People are hungry for stories. What do your relatives do when they get together after dinner? They tell stories: “Remember the time your Uncle Jimmy decided to back the boat into the garage and . . . . ” What are people seeking when they fill up video stores on the weekend? They’re seeking stories. Even when people turn on the news, what they’re listening to are stories.

People are almost as hungry for stories as they are for food. In fact, stories are a kind of food and we can’t live without them. As literature majors, you know this. You’ve just been hungrier than most.

Now let’s get to the part you don’t know. It’s a custom of commencement speakers to send you off with some advice. Some speakers will tell you to “hitch your wagon to a star.” Others will tell you to “wear sunblock.” Here are my six tips.

1. Be humble. Your life after graduation will be like my experience at the ranch. You’re going to be the greenhorn. You’re going to be embarrassed. You’re going to look bad. But you have to be willing to be humble. And you have to be willing “to get some of It on you.”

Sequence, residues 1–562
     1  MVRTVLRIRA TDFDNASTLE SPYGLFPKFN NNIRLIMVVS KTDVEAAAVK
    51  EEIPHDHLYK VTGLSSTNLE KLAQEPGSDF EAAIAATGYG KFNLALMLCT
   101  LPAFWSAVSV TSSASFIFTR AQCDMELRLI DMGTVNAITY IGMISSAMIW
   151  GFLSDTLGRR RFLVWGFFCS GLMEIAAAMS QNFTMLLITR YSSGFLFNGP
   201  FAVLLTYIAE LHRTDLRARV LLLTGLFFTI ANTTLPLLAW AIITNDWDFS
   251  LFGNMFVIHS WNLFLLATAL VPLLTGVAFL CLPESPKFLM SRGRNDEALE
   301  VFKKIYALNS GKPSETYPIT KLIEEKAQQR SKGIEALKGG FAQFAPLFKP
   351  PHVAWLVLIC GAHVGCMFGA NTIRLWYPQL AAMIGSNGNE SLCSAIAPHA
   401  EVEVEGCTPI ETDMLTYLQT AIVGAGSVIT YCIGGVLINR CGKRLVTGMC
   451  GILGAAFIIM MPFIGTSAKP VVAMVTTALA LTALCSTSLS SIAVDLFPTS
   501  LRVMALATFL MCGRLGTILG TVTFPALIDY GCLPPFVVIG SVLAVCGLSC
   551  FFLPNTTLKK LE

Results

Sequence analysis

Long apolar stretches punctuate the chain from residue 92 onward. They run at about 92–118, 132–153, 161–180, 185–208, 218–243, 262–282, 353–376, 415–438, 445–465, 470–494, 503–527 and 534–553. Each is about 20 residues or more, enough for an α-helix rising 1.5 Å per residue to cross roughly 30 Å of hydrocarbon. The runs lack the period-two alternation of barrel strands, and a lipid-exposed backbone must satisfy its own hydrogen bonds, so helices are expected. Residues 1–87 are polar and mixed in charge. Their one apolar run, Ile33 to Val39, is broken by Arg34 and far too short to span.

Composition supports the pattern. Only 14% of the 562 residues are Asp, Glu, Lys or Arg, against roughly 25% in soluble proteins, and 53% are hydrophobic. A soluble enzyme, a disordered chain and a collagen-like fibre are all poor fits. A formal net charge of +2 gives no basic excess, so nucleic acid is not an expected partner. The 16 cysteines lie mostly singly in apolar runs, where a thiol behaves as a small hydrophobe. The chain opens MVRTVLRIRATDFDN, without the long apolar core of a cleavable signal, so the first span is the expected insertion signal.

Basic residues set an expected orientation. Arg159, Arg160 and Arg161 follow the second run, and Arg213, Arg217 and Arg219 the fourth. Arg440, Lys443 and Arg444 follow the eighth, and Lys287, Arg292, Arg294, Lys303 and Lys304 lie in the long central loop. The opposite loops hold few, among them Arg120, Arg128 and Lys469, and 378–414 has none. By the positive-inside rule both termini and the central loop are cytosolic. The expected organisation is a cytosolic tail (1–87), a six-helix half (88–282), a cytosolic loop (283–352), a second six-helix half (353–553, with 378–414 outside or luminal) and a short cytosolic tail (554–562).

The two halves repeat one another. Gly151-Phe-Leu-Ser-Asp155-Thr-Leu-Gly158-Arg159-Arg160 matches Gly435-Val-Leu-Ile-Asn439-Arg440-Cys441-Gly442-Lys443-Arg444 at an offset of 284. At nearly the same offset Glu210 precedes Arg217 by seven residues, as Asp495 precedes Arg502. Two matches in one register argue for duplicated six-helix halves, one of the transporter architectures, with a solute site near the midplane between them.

2. Understand that your skills are portable. You haven’t learned a computer language which will be obsolete in a few years. You haven’t prepared yourself for a career that will disappear in the 21st Century. You’ve learned to read and write, think and analyze, understand and sympathize. Those talents will always be needed. And wherever those skills are welcomed, you will be welcome.

3. Recall that you got where you are by giving something up. A miser has no friends. A miser has a closed heart. But you have given something up. You’ve allowed yourself to be touched by the stories of others. You’ve cried. You’ve laughed. You’ve sympathized and understood. Remain vulnerable in the days to come. Listen to others, especially to their stories.